Examining Socialization Improvement Growth Trends of Adolescents Participating in an RCT of the Social Tools and Rules for Teens (START) Program for ASD: A Multi-Level Modeling Study

Saturday, May 13, 2017: 12:00 PM-1:40 PM
Golden Gate Ballroom (Marriott Marquis Hotel)
T. Vernon1, J. Ko1, A. Miller1, A. Barrett2 and E. McGarry1, (1)University of California Santa Barbara, Santa Barbara, CA, (2)University of California, Santa Barbara, Santa Barbara, CA
Background: The interest in effective interventions to target the social vulnerabilities of adolescents with ASD has significantly increased in recent years (Miller et al, 2015). Such intervention efforts are not administered in a single therapeutic dose, but rather are conceptualized as operating through a series of interactions that, over time, aim to build self-sustaining interpersonal capabilities and alter the social trajectory of participating individuals. In recent years, researchers have become increasingly focused on the accumulating effects of an intervention on the unfolding behaviors and skills of a treatment recipient over time (e.g. Lerner et al, 2011). Such knowledge is crucial for further developing promising interventions, as it informs the relationship between dosage, time, accumulating therapy exposure, and eventual outcome. When data is serially collected at multiple time points along the course of an intervention timeline, valuable information about social growth trajectories can be gathered and analyzed.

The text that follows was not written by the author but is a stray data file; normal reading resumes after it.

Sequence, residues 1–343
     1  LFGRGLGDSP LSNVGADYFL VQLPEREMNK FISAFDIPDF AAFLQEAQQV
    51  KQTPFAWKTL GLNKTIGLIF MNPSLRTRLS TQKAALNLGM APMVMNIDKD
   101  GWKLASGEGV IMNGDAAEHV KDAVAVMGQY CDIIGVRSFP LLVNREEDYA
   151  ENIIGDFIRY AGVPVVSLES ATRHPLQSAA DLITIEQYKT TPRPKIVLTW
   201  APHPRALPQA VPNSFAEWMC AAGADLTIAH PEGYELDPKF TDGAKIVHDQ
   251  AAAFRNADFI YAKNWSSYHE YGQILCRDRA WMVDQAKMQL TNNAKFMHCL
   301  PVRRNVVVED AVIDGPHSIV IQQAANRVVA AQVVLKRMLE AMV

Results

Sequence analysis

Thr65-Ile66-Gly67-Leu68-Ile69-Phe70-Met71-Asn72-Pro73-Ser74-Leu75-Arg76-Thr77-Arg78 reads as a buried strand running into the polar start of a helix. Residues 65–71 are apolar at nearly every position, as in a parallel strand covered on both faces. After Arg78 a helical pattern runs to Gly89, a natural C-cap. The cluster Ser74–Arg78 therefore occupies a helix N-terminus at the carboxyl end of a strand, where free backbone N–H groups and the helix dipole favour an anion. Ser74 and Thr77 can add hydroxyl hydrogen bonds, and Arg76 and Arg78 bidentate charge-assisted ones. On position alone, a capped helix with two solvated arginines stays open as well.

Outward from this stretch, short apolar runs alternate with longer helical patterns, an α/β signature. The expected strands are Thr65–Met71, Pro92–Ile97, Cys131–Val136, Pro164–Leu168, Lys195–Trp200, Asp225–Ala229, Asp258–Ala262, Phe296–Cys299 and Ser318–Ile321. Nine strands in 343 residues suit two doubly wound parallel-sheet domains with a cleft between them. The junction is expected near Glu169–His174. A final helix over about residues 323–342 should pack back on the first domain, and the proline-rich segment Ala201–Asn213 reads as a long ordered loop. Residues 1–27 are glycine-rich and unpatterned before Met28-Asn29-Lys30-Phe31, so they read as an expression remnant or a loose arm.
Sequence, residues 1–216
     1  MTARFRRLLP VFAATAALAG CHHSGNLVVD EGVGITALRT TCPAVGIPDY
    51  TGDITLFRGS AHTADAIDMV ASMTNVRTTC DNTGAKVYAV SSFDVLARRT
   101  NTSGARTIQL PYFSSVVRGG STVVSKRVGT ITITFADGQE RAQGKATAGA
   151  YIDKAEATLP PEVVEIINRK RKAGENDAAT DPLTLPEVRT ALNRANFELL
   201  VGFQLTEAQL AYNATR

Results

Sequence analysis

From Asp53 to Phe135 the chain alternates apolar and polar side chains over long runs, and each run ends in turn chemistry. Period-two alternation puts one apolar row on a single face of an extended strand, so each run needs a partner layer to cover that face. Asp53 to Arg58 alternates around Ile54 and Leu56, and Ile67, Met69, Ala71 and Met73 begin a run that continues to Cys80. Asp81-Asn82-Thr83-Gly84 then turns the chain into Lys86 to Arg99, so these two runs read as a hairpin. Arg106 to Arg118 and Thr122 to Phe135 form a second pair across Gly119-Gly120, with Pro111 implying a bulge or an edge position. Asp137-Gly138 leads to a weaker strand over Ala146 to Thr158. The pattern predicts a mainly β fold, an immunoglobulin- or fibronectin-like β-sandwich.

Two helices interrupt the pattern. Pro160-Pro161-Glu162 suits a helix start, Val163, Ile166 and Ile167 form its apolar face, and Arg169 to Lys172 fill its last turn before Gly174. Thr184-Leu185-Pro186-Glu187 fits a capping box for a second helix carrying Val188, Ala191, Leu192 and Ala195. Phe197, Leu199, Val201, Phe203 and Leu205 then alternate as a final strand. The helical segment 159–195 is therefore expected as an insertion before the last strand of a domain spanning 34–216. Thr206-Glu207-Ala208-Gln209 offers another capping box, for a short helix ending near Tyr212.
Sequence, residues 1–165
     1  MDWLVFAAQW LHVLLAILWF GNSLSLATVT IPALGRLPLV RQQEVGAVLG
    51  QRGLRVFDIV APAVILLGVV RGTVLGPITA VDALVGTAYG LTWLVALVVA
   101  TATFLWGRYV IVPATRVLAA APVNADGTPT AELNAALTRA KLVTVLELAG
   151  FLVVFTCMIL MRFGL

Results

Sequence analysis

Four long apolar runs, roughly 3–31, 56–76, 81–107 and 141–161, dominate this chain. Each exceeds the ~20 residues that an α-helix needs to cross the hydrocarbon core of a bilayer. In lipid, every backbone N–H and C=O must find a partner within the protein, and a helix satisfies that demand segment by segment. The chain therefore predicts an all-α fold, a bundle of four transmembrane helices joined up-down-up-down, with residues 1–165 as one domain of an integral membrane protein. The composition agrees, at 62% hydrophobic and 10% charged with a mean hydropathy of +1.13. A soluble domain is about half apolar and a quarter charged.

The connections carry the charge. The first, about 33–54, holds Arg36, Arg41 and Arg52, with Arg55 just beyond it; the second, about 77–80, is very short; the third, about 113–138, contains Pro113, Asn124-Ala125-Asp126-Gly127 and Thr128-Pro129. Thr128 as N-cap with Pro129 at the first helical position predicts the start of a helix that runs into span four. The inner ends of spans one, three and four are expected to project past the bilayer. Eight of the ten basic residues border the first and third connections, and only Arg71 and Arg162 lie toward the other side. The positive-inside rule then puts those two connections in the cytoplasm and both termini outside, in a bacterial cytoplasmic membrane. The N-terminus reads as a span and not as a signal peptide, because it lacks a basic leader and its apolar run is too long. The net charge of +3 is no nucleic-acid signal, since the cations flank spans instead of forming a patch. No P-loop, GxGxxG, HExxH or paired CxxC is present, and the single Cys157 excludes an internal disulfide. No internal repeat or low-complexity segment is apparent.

Objectives: This investigation evaluated the effectiveness of the Social Tools And Rules for Teens (START) intervention program for adolescents with ASD using (a) serial data collection and (b) multilevel modeling to thoroughly understand the intercept and slope of social improvement data.

Methods: The participants of the project were 35 adolescents with ASD. All participants were randomly assigned to (a) the START program group or (b) a waitlist group for 20 weeks. The START program is a motivation-based curriculum that combines experiential and didactic elements into a comprehensive intervention package that includes high school peer models, individualized and group social targets, and self-management of selected skills. Participants assigned to the START condition participated in a weekly two-hour session consisting of: individual check-in sessions, free socialization periods, social activities, videos, social topic discussion and practice, and checkout sessions with parents. Dependent measures included parent and adolescent survey measures (Social Skills Improvement System, Social Responsiveness Scale - 2, Social Competence & Motivation Scale) and regular social conversation probes collected repeatedly at 5-week intervals. Multilevel modeling was used to analyze social competence change both within and between individuals. Unconditional, time-only, and full HLM models were specified.

Results: In the full HLM model, Time alone produced a significant slope effect on the adolescent SSIS scores (p < .05) and parent SCMS scores (p < 0.1). Treatment Group (i.e. START program participation) created a significant slope effect on adolescent SSIS scores (p < .05), SRS scores (p < .01), and both parent (p < .001) and adolescent (p < 0.5) SCMS scores, providing evidence of significant therapeutic gains unique to START program participation.

Conclusions: The full HLM model provides strong evidence that START participants experience markedly improved social growth trends when compared to waitlist controls. Specifically, significant positive trends in social skill (SSIS) and social competence/motivation (SCMS) were noted, along with reductions in ASD-related social impairments (SRS-2). This investigation is one of the first social skills studies to use MLM techniques to model robust changes on multiple measures of social competence. Overall, this study presents promising findings regarding the efficacy of an experiential social intervention for adolescents with ASD.